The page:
Blank Space’s first edition of Fairy Tales: When Architecture Tells a Story is a light-hearted reminder that communication is at the core of what all architects and designers do. The book is a collection of entries from the company’s first architectural storytelling competition, which was launched to reinstate a dialogue between architects and the public.
Fairy tales might seem like an odd genre of choice for this movement, but communication also lies at their core. According to the founders of Blank Space, Matthew Hoffman and Frencesca Giuliani-Hoffman, fairy tales are “relatable, yet sophisticated and nuanced, just like great architecture.”
For more on the whimsical collection, keep reading after the break.
The first iteration of Blank Space’s Fairy Tale Competition received over 300 entries from 50 different countries. The competition was not prescriptive in any way – there was no assigned typology, scope, location, or budget. Instead, Blank Space asked applicants to challenge themselves creatively and think beyond the boundaries of their profession. Needless to say, this produced some amazing results.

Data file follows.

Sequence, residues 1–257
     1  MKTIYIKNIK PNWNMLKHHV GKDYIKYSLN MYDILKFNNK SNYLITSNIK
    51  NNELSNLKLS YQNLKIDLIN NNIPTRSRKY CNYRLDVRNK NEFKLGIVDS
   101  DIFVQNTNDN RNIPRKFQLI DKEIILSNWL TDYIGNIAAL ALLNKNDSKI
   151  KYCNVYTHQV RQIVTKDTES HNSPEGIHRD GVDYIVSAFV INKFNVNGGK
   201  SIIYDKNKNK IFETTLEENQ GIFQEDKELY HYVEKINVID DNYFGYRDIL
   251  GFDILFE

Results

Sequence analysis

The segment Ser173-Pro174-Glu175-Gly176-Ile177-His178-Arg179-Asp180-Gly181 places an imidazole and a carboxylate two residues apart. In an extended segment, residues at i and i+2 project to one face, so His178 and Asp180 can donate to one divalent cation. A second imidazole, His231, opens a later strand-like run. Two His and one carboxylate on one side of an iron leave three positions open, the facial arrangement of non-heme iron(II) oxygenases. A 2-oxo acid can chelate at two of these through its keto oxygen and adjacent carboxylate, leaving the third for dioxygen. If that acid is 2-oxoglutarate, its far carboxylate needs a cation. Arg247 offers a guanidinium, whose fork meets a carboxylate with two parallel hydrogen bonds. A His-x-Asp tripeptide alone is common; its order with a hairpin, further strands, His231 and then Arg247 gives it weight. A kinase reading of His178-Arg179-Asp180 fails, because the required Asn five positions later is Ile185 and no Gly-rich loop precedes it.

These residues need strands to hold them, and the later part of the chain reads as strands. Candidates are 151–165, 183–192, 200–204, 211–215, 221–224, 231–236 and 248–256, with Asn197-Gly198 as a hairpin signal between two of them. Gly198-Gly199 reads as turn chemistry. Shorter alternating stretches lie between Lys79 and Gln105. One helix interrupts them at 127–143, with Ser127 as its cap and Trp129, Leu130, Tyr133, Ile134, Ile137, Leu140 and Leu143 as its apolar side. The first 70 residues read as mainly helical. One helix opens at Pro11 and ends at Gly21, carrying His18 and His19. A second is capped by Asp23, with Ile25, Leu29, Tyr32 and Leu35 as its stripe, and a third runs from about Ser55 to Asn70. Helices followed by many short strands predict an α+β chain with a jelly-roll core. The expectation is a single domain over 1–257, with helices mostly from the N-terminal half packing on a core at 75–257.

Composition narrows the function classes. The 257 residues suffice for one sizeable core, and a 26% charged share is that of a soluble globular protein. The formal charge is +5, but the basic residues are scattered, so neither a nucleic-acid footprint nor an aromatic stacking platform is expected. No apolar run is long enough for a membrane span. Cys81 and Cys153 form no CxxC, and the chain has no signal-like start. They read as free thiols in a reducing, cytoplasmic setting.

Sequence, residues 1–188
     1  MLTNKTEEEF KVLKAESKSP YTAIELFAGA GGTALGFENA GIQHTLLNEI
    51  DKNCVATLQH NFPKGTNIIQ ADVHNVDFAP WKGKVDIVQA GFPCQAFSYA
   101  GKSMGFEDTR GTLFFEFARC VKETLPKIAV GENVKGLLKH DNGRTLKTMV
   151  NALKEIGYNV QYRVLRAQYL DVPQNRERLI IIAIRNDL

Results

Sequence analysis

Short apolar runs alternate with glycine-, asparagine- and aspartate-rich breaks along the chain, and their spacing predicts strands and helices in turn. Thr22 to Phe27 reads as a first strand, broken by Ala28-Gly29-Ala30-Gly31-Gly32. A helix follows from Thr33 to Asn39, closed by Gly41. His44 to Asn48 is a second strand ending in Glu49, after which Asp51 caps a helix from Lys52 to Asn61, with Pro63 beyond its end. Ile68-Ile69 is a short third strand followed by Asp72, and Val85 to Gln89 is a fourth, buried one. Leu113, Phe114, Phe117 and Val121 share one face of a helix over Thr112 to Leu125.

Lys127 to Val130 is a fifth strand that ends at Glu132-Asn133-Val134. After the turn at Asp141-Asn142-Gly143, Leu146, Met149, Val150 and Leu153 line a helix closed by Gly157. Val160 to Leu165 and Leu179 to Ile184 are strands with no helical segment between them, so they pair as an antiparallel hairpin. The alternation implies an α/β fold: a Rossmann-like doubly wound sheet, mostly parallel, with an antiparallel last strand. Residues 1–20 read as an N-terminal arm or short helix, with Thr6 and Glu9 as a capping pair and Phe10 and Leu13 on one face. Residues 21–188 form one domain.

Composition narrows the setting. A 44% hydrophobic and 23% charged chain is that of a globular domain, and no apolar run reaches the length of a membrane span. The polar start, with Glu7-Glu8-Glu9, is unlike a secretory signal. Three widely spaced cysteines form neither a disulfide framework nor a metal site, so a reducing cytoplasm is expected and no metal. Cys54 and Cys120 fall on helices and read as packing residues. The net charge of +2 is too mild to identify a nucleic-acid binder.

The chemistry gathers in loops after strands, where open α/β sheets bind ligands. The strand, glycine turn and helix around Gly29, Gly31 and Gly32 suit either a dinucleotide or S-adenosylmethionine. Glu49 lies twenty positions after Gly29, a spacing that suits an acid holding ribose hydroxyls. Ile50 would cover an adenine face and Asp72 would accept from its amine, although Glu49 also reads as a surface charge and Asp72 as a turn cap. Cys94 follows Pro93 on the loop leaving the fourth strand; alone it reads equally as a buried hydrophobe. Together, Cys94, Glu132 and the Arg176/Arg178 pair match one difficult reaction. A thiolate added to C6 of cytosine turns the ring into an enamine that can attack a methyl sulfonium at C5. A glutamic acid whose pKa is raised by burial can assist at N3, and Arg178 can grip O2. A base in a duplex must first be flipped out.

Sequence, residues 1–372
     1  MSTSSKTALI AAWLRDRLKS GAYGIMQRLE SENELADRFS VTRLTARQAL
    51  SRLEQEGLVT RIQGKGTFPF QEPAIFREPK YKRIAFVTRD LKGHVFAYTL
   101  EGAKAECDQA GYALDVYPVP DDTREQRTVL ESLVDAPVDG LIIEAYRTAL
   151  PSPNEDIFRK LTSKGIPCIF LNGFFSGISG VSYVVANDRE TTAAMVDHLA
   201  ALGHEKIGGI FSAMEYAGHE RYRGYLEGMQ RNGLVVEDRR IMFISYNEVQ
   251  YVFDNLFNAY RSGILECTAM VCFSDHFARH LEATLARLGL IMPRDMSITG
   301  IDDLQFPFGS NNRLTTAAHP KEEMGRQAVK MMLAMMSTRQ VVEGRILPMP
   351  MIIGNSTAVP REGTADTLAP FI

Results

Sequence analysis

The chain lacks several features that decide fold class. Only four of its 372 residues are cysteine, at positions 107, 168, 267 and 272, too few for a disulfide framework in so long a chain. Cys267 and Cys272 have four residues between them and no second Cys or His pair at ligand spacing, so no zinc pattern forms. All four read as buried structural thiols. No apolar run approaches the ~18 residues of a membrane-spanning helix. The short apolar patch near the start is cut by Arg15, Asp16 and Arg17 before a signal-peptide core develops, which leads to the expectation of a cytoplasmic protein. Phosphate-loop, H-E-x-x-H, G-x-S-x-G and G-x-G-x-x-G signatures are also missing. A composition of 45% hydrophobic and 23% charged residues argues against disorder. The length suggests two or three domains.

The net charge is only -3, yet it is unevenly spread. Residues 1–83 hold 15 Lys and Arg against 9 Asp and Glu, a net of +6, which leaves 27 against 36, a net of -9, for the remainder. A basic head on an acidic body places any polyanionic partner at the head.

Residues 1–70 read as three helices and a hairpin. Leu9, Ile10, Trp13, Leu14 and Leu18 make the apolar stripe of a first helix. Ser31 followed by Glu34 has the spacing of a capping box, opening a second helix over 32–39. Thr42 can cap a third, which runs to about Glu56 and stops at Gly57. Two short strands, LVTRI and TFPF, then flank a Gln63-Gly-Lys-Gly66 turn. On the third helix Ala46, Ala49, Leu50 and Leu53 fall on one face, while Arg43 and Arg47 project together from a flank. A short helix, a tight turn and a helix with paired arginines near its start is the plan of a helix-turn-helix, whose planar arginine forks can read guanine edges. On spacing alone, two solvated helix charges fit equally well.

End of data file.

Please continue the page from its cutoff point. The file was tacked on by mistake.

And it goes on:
The book seamlessly weaves together stories with different architectural meanings and formats, including coming of age tales, comic book strips, classic love stories, and sci-fi thrillers. The stories cover delightfully disparate topics, including Alice in Wonderland finding herself trapped in a modern dystopian city and colorful bouquets of flowers growing into skyscrapers.